COVID-19 Response Update
April 29, 2020
Connecticut continues to struggle with the impact of the COVID-19 pandemic. Connecticut Food Bank is working to meet
increased need today while preparing for continued challenges in the weeks and months to come. The situation is changing rapidly, but our analysis forecasts that Connecticut Food Bank will need an additional $7.8 million over the next six months to provide food assistance to everyone facing hunger. This figure is based on projections that the pandemic could push as many as 187,000 additional Connecticut residents into food insecurity. And while the $2 trillion federal relief package will provide some support, those benefits will likely take six months to be fully realized.
These numbers are staggering, as are the stories of people now facing hunger. The effects of this pandemic will be felt for many months, if not years, for our most vulnerable neighbors. But, in the face of enormous challenges, we are responding with extraordinary efforts to try to make sure no one goes hungry during the pandemic. We can’t do it alone, and you can help.
Struggling Families are at High Risk
For the 270,000 of our neighbors in our service area already facing food insecurity, the COVID-19 pandemic means the very real danger of lost wages, more difficulty accessing enough food, and an increased reliance on food banks to fill their plates. School closures, job disruptions, lack of paid sick leave and the pandemic’s disproportionate impact on the elderly and low-income families are only a few aspects of this evolving crisis. Joining the ranks of Connecticut’s most vulnerable residents are those who have suddenly lost their jobs – and their financial stability.
Hunger Is Rising – Quickly
As we learned during the 2018-2019 government shutdown, many of our neighbors are only one missed paycheck away from falling into food insecurity. They are being forced to make impossible choices between buying food and paying for necessities like rent, heat, or medicine.
Unemployment numbers are shocking the nation. A record 402,000 people filed for unemployment benefits in Connecticut since mid-March. We have never seen anything like this, and economists predict the worst is not over yet.
We Face New Challenges
Social distancing upends our distribution model, and declining donations are leaving shelves bare.
We are distributing more food. We are taking exceptional measures to evolve operations rapidly – at increased cost – to safely distribute food. Connecticut Food Bank has seen a rise in food requests from agencies in communities where partners may not be able to meet the need due to school closures, social distancing measures, and a shortage of volunteers. We are working with our partners to adjust food distributions to comply with social distancing guidelines as they cope with increased visits to their sites. We are providing more food to agencies that have the capacity to remain open and continue serving the community. Connecticut Food Bank continues to make mobile food drops to Mobile Pantry partners who are now prepacking food kits and turning to drive-through or grab-and-go food distributions.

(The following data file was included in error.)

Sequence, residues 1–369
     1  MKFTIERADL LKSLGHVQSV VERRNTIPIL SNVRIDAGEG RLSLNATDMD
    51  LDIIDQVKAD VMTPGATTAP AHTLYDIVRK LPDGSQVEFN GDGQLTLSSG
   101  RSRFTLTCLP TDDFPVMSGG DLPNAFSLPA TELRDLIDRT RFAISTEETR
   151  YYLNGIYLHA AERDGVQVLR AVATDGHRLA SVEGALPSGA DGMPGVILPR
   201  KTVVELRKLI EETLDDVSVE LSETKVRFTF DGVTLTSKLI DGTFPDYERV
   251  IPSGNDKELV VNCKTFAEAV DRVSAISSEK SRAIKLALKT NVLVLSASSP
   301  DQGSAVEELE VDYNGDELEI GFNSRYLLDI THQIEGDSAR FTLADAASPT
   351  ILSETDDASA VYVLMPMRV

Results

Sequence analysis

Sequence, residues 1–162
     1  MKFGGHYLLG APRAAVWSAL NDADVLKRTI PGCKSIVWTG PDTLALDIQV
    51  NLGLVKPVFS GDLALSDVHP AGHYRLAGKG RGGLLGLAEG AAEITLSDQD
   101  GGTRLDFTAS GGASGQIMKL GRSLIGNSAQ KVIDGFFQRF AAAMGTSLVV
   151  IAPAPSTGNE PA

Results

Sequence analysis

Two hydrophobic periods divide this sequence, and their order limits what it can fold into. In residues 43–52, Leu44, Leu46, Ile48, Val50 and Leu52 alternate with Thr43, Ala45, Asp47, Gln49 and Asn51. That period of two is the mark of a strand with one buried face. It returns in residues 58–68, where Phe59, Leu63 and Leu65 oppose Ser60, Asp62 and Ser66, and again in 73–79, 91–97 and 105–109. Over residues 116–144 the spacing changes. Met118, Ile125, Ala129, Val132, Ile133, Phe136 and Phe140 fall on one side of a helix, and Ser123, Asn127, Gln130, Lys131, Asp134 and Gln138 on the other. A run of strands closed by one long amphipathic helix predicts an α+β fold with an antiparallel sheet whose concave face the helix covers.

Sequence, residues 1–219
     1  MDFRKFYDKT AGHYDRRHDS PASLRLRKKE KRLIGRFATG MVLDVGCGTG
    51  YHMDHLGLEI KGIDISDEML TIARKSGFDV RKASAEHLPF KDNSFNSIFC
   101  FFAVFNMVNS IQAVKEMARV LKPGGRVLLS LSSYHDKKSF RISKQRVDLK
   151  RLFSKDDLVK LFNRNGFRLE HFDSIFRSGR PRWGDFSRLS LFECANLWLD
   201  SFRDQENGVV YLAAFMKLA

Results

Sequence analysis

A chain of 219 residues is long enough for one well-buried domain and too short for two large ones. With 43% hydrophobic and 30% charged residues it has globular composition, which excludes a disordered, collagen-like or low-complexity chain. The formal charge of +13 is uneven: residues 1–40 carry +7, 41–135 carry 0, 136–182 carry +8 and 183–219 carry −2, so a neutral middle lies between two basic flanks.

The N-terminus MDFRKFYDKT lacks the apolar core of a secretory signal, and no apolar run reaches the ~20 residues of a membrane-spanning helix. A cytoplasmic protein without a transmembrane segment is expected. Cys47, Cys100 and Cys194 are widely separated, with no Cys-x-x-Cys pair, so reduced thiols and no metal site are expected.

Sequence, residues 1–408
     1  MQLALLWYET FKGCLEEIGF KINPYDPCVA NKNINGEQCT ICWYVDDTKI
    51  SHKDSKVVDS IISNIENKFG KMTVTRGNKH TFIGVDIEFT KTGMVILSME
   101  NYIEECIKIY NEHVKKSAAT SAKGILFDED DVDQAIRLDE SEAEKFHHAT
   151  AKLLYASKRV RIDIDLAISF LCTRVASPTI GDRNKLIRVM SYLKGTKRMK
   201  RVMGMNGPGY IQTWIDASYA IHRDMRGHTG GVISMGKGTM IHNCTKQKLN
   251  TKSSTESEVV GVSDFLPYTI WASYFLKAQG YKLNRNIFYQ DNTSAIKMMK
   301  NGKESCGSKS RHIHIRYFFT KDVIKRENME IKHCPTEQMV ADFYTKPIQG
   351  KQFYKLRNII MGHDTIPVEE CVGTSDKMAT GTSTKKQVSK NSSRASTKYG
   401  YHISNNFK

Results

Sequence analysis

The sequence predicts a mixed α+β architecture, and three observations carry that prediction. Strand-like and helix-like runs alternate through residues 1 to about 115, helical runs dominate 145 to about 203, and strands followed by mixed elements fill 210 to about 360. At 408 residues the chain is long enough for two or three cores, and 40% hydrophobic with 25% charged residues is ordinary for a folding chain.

Food donations are drastically declining. Consumers are stocking up on food, which means shortages at retail stores. The result is a drastic decline in retail food donations to Connecticut Food Bank. Retail and food industry donations accounted for approximately 60 percent of the food distributed through Connecticut Food Bank. The drop in donations is a major disruption to our supply chain.
We are trying to fill the donation gaps by purchasing food. Buying food is putting substantial pressure on our finances. Since April 1, we have purchased more food than we did last year.
You Can Help
The crisis is evolving quickly, and there are many unknowns. But, one certainty is that we will be there for people in need, and you can help.
Over the next six months, we estimate we will need an additional $7.8 million to meet pandemic-related challenges to our communities.
Connecticut Food Bank is purchasing essential food, including fresh produce; shelf stable foods; canned and frozen protein; and dairy products to meet demand. We are purchasing more prepackaged foods, meal kits, and pantry items that have a longer shelf life and can be redistributed to clients with minimal contact. We are purchasing more gloves, bags, and boxes that agencies need to preassemble food kits for clients, and household products such as toilet paper, paper towels, hand sanitizer, and other cleaning and personal care items that are often too expensive for people who are struggling with food insecurity.
We know that needs will continue to increase as the situation evolves. Thank you for helping struggling neighbors during this unprecedented time.
April 2 Update:
Connecticut Food Bank partner agencies are stepping forward to help an ever-increasing need created by the significant job losses caused by the COVID-19 pandemic and social distancing measures that are in place. Vertical Church in West Haven is a partner agency that provides food assistance in multiple formats, including a monthly Mobile Pantry that saw operational changes at its most recent distribution:
Vertical Church at 225 Meloy Road in West Haven is a Connecticut Food Bank partner agency operating a monthly Mobile Pantry site that typically serves 250 households. Their March 31 food distribution indicated that the COVID-19 pandemic has created economic disruption and increased need.
Vertical Church has been following strict health and safety measures and are ensuring all their volunteers are trained and adhere to safety precautions for food distribution that have been shared by Connecticut Food Bank from sources including the Centers for Disease Control and Prevention (CDC) and Feeding America.
Vertical Church has suspended on-site services until further notice due to public health concerns, but the church is fully committed to outreach efforts impacting hundreds of lives in its community. Connecticut Food Bank continues to supply food resources to Vertical Church and the other partner agencies in the food bank’s six-county service area and is taking added precautions to protect the safety of volunteers, staff, and food recipients by adjusting its practices.
Mobile Pantry sites like the one at Vertical Church have begun operating as pre-packaged food pickups, rather than farmers market-style food shopping experiences. Vertical Church has mobilized its volunteer base to accept thousands of pounds of food that they pre-package and distribute in a “drive-thru” approach that adheres to current social distancing practices.